A 23-year-old North Vancouver man with acute lymphoblastic leukemia is fighting for his life in St. Paul's hopsital. He's had chemotherapy but his only hope for remission is a bone-marrow transplant. The problem is there is a severe shortage of donors of mixed Asian and European ancestry, who would be the best chance of a match since they are from the same ethnic group.
James Erlandsen, an SFU student who worked at the Lynn Valley Save-On-Foods, was diagnosed with the disease in February.
Erlandsen's family is putting out a plea for people, particularly those of Eurasian ancestry, to donate bone marrow.
Acute lymphoblastic leukemia is a quickly progressing disease in which too many immature white blood cells called lymphoblasts are found in the blood and bone marrow.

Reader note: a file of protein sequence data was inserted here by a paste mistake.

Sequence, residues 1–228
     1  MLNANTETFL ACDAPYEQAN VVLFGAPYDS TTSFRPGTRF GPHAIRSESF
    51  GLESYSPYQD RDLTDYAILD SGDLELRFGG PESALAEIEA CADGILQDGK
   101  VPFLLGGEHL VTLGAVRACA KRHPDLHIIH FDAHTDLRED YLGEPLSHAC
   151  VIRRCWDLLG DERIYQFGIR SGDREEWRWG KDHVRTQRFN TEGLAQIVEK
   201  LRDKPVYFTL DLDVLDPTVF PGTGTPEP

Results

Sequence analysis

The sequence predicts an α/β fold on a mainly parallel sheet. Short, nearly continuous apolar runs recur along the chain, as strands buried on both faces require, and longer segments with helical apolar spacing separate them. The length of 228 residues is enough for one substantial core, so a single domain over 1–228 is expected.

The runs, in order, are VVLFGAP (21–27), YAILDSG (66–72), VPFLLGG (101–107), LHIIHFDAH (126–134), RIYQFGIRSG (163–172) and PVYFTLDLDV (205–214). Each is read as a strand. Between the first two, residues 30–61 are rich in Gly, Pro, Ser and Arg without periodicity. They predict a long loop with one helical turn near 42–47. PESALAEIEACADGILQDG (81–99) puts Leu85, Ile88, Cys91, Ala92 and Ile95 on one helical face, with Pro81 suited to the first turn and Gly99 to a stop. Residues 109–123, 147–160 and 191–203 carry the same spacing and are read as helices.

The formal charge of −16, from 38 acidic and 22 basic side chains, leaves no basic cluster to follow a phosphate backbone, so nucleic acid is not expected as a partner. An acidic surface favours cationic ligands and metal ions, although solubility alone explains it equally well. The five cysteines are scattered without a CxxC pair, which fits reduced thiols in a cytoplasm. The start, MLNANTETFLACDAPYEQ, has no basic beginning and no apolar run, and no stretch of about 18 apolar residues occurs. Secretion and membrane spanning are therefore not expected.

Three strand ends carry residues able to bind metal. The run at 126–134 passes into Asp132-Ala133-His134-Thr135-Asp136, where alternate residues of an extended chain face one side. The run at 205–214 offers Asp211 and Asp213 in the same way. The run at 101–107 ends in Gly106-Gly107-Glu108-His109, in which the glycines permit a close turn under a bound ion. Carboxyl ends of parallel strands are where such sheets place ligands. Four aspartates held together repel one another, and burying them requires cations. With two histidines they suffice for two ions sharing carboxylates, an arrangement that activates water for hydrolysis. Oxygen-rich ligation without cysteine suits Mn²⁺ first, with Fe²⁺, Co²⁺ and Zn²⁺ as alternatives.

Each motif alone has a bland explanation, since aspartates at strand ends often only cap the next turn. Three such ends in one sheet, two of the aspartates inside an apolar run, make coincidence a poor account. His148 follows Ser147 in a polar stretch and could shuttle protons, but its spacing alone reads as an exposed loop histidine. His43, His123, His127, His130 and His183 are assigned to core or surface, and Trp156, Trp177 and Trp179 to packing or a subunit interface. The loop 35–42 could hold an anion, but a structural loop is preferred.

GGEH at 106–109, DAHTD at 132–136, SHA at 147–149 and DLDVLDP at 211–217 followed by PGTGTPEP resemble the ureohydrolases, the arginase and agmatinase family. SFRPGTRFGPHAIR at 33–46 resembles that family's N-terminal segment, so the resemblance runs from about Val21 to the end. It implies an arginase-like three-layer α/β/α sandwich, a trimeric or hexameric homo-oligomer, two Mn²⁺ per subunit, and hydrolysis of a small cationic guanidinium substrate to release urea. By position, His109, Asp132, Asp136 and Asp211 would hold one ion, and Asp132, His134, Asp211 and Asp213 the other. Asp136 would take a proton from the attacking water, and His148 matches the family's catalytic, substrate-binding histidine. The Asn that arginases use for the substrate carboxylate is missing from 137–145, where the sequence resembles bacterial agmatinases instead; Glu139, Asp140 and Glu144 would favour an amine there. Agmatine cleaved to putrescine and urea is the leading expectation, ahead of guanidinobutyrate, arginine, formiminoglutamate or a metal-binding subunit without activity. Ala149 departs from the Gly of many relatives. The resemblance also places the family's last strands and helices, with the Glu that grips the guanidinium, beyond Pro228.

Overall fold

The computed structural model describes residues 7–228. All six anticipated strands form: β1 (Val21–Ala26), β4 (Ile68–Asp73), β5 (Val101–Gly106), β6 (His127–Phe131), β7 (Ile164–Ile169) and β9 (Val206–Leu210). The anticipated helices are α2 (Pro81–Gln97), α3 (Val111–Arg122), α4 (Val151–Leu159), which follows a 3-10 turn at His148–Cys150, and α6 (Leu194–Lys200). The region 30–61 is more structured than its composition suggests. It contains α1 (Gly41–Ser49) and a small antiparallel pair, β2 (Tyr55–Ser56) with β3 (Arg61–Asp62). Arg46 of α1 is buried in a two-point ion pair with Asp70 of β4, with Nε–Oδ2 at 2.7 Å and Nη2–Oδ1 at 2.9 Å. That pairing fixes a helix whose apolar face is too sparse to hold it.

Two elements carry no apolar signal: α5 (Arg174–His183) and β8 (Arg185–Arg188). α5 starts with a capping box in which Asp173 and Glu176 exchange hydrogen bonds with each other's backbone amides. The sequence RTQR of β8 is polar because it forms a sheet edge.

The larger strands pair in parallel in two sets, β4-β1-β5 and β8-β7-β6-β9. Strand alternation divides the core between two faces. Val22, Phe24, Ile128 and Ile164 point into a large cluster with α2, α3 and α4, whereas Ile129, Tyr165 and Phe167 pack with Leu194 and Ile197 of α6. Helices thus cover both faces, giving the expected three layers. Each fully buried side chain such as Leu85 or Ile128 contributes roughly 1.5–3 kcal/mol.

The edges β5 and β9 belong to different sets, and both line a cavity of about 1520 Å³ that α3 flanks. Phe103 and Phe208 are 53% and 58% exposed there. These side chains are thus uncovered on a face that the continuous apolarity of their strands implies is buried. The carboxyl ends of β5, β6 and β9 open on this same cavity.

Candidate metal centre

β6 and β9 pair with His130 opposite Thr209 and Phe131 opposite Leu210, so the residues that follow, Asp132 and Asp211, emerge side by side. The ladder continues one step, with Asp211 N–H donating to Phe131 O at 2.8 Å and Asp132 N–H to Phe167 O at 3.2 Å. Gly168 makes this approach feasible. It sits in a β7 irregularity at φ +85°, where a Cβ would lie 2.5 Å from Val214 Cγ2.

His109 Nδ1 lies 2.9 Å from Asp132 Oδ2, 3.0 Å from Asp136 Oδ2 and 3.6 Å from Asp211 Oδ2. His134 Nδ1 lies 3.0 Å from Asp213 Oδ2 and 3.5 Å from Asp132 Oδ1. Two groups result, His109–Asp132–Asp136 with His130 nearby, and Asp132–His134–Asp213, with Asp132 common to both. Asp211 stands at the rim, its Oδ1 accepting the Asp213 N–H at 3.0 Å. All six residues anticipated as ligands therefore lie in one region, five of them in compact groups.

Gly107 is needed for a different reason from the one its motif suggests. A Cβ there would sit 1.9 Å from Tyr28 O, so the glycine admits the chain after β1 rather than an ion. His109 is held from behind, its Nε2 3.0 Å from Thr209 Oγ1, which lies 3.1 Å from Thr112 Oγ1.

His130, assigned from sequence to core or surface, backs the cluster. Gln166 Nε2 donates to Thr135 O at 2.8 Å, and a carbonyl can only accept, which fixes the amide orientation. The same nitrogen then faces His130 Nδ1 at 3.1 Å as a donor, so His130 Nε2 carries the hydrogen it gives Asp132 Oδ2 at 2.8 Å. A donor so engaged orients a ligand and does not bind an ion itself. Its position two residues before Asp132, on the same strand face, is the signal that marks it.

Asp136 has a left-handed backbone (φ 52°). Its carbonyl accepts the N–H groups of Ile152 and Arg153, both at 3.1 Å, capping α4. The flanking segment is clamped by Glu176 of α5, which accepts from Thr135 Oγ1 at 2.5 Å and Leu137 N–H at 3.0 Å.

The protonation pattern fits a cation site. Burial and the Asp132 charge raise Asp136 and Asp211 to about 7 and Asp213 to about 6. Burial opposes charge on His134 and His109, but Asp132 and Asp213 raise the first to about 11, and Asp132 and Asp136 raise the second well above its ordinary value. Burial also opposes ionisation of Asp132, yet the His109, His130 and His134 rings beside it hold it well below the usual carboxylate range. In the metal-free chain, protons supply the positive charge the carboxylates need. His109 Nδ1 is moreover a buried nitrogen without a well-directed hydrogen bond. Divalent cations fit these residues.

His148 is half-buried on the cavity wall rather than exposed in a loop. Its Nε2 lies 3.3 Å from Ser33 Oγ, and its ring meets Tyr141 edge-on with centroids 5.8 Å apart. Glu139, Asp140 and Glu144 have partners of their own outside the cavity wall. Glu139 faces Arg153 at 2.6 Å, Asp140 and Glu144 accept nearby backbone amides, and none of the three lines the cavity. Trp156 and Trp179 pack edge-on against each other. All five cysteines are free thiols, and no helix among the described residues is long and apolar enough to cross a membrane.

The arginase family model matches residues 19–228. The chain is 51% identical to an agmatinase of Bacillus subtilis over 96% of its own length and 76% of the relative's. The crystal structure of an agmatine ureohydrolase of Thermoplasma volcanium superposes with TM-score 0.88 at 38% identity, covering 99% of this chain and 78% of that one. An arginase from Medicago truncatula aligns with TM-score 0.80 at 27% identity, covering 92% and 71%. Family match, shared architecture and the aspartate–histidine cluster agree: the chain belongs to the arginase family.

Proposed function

The Straight recently wrote about bone-marrow transplants and the difficulty for people of ethnic minorities to find matches. See the December 14, 2006, story at www.straight.com/article/bone-marrow-donors-give-a-chance-at-life.
People with leukemia and lymphoma also require frequent blood transfusions during and after treatment, and sometimes there is a waiting list for blood prodcuts (platelets, for instance) as well. Canadian Blood Services urges people to consider giving blood as well.
More details on donating blood and/or bone marrow are at www.blood.ca/.